Description: 100 years ago this week, on November 23, 1921, the first US government attempt at a modest social welfare program (focused on maternal and infant health) became law. Reactionary forces unraveled it by 1929, but it was influential regardless. Bill and Rachel discuss.
– One of our Canadian listeners writes to say “Small correction, dental care isn’t covered in Canada. I require benefits through my job to pay for dental care. I believe there are some dental programs for senior at a certain age but not for the regular populace… that and Pharmacare aren’t covered here which is why we still need benefits packages through our jobs and what not.”
Topics: The 14th anniversary of the US invasion of Iraq and whether or not there is growing public support for universal programs in the United States. People:Bill and Greg. Produced: March 26th, 2017.
Episode 175 (57 min — extended version not aired on FM): AFD 175
First of a two part series:Greg and Jonathan join Bill to discuss what worked and didn’t work in Democratic health reform as well as what really bad ideas Republicans have for replacing it. Produced: Dec 19th, 2016.
Coming next week: In part two (already recorded), we’ll discuss the big philosophical questions surrounding how societies provide for people’s health, and what Democrats should be proposing as an alternative to destructive Republican plans
ColoradoCare proposes a single-payer model that covers every Colorado resident. A tax on income and employers would replace insurance premiums, but the revenue wouldn’t be subject to the whims of legislators; instead, it would go directly to a fund overseen by trustees whom the recipients choose. In this respect, it would be a cooperative-like system accountable to everyone in the state, independent from the rest of the government and enshrined in the constitution.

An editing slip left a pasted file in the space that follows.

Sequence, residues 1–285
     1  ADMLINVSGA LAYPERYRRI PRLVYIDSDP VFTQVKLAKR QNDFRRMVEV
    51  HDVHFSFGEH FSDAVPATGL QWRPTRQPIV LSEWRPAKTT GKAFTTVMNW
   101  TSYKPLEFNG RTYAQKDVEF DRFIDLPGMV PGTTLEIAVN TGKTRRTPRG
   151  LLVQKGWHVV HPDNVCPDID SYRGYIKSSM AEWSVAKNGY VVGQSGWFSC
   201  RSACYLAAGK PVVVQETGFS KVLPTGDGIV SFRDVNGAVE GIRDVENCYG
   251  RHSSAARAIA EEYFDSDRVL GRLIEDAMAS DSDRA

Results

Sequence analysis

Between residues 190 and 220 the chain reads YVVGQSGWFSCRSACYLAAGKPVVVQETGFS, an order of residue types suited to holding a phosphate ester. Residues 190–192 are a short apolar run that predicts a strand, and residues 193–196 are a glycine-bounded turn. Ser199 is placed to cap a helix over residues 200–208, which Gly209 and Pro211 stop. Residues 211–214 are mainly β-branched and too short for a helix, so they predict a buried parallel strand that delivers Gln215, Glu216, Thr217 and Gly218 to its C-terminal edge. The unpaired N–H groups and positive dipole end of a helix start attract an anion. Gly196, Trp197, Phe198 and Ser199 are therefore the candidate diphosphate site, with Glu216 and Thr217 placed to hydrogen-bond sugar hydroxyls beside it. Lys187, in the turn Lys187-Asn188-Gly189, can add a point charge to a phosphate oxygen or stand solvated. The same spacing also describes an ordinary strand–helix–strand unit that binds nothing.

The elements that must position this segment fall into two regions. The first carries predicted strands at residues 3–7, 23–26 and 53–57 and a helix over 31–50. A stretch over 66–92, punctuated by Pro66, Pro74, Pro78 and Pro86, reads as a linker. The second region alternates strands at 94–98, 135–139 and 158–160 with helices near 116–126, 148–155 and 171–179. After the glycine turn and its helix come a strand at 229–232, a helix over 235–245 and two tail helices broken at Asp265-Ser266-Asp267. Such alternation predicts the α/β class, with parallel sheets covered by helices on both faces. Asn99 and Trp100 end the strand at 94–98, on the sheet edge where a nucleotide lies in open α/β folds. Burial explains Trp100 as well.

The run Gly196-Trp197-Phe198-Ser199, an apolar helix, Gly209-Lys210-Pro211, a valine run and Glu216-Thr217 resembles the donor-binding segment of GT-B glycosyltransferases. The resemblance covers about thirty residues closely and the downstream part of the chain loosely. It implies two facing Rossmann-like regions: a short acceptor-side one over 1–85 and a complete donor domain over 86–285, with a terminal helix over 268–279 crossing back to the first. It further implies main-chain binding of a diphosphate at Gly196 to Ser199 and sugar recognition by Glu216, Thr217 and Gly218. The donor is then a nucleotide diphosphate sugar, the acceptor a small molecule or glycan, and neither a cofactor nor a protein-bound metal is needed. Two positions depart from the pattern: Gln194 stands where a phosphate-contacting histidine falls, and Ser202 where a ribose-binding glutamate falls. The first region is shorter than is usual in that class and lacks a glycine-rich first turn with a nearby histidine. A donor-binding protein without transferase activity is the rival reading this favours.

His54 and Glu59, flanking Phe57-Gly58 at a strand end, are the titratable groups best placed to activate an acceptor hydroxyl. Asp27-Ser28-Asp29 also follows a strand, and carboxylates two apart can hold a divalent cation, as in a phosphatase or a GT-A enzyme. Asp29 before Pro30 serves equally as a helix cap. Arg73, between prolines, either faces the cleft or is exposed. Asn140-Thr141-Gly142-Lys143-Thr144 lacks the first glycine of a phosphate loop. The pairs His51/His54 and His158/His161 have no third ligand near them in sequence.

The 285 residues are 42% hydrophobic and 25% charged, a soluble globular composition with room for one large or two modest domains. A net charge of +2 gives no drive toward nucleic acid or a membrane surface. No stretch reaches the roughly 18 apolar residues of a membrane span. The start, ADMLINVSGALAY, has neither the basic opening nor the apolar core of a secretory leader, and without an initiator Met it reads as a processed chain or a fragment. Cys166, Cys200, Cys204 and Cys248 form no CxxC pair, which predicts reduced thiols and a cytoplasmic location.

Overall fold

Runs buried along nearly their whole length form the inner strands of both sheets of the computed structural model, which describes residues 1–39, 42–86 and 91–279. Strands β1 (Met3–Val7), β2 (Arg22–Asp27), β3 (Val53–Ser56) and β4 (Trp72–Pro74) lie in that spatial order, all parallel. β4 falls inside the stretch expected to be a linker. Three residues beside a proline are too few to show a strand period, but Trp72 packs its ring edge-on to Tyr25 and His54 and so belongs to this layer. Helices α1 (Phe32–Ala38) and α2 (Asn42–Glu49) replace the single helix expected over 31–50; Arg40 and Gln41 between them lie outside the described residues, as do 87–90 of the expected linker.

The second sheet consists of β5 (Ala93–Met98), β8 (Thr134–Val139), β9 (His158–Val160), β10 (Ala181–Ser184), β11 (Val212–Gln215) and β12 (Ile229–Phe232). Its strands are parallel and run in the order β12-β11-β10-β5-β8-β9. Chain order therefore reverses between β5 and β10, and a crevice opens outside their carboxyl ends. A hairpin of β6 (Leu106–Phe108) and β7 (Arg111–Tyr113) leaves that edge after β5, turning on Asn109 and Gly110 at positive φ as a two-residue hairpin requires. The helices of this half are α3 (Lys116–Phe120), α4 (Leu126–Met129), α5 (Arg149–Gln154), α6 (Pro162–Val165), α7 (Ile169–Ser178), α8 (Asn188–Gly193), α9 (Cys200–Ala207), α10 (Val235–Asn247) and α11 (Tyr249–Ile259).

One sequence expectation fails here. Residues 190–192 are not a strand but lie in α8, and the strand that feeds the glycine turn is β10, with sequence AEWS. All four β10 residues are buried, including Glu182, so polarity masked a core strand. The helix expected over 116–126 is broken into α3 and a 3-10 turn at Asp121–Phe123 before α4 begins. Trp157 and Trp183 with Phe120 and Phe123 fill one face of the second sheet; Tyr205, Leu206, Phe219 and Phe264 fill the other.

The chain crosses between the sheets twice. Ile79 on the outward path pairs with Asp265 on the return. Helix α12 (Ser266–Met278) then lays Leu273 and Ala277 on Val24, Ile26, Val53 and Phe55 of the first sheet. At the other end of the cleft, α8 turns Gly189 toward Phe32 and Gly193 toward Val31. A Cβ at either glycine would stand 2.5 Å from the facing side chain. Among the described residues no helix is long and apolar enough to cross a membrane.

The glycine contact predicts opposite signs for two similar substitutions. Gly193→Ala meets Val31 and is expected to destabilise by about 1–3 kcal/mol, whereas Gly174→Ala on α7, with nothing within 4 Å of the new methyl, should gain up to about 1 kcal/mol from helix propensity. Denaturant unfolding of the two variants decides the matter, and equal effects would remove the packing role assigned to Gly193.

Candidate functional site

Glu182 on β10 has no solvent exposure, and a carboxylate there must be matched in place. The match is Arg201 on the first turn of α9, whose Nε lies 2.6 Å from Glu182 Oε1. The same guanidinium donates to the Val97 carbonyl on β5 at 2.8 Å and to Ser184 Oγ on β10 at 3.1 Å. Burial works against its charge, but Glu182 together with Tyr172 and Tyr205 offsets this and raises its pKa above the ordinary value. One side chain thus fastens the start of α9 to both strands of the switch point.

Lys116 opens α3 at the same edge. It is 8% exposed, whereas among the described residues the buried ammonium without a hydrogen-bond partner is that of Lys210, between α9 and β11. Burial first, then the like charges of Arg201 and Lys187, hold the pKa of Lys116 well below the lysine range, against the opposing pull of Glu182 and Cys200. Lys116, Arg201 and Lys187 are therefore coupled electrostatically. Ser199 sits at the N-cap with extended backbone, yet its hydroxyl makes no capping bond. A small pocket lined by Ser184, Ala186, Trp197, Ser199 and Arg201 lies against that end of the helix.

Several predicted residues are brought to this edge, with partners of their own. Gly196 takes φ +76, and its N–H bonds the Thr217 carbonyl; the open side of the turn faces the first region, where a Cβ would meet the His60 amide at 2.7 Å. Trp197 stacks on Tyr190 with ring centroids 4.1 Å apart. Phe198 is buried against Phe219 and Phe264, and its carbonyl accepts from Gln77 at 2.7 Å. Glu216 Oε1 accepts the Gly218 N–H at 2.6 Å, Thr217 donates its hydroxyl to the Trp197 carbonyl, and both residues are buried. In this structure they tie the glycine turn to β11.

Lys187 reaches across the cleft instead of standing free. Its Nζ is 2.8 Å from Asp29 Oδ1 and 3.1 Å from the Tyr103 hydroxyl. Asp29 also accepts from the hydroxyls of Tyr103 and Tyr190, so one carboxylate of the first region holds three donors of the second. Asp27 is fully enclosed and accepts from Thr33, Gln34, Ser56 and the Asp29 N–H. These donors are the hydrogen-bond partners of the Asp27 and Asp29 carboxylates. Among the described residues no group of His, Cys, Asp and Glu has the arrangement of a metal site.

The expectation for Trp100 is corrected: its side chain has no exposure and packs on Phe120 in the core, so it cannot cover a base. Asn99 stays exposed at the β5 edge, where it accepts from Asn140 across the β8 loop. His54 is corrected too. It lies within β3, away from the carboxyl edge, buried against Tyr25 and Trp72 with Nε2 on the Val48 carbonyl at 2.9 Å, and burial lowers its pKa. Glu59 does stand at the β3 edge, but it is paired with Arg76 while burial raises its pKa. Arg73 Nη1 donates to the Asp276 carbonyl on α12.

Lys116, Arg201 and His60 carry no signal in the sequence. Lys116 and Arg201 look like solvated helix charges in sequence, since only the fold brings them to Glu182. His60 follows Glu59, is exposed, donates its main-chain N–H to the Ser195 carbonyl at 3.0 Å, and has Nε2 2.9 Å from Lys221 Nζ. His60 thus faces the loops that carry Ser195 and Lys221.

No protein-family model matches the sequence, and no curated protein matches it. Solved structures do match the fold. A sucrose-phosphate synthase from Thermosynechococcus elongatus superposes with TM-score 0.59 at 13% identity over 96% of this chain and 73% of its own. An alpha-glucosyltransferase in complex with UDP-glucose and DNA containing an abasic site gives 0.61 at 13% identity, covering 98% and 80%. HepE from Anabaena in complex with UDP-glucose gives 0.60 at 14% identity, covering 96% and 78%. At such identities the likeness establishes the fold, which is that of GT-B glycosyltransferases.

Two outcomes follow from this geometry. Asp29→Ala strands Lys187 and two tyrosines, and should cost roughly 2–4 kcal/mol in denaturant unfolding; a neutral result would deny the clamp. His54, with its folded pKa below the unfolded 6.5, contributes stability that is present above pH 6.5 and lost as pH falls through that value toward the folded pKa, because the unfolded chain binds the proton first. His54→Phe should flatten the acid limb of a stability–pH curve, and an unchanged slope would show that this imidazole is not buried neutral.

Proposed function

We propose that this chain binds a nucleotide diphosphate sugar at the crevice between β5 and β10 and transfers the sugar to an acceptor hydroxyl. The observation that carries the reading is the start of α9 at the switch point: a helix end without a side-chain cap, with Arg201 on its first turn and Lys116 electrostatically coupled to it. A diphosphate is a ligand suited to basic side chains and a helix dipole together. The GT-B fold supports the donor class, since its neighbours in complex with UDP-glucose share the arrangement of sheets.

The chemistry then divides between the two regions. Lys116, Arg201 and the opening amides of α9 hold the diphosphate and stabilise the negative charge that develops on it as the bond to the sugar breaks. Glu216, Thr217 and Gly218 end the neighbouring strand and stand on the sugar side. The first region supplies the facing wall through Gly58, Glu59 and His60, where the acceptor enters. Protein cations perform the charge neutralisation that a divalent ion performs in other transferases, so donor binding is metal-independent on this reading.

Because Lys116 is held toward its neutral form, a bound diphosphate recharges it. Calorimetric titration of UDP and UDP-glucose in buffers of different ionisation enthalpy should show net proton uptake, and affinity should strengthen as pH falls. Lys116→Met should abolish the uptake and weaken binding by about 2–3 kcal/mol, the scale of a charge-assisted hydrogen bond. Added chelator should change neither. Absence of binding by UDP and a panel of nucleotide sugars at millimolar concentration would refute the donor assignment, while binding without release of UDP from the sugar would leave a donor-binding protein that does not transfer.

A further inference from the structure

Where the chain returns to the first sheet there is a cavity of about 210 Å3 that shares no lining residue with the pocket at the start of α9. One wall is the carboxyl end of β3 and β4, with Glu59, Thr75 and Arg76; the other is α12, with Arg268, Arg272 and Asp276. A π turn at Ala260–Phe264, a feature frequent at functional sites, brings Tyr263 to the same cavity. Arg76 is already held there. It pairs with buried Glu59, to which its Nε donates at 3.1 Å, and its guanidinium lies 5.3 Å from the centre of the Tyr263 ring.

State Sen. Irene Aguilar (MD) explains the genesis of the proposal:
“In 2007, Colorado had something called the 208 Blue Ribbon Commission for Healthcare Reform. The four plans it considered included a single-payer health care plan, and the commissioners created subgroups to consider how the plans would impact certain populations. Since my daughter was disabled, I applied to be on the vulnerable populations task force. We learned that if we adopted the single-payer plan we could have everyone covered and decrease spending by $1.6 billion a year.”
They didn’t pick it and — after various twists and turns — she ended up running for office to find a way to pass it. Now it’s a ballot initiative effort.
More mechanics and projections of the program:
“You collect the funds through a premium tax—a 6.6 percent employer tax across the board and a 3.3 percent individual tax. If you’re self-employed, it’s the whole 10 percent, but because it’s tax deductible it ends up being less than that. The funds are collected through our taxes, but they’re transferred into a separate authority that is run by its own elected board of directors.”
“We had a fiscal analysis done by Gerald Friedman, an economist at UMass, Amherst. He anticipated that with the Affordable Care Act, health care would be about 19.4 percent of the gross state product, and if we were to switch to this model, it would be closer to 15 percent. By Obamacare standards, the level of care would be the very top—Platinum Plus—covering 90 percent of your total health costs. We added in no copay for primary care and low copayments that the primary-care provider can waive if necessary to prevent longer-term costs. We also had it priced for everyone in state, regardless of documentation status, under the knowledge that we would not be turning people away for emergency care, so it made more sense to have up-front preventative care available for all the people who lived in the state. Vermont’s single-payer policy imploded because it was way too expensive for them. It’s a small state. But we have the numbers.”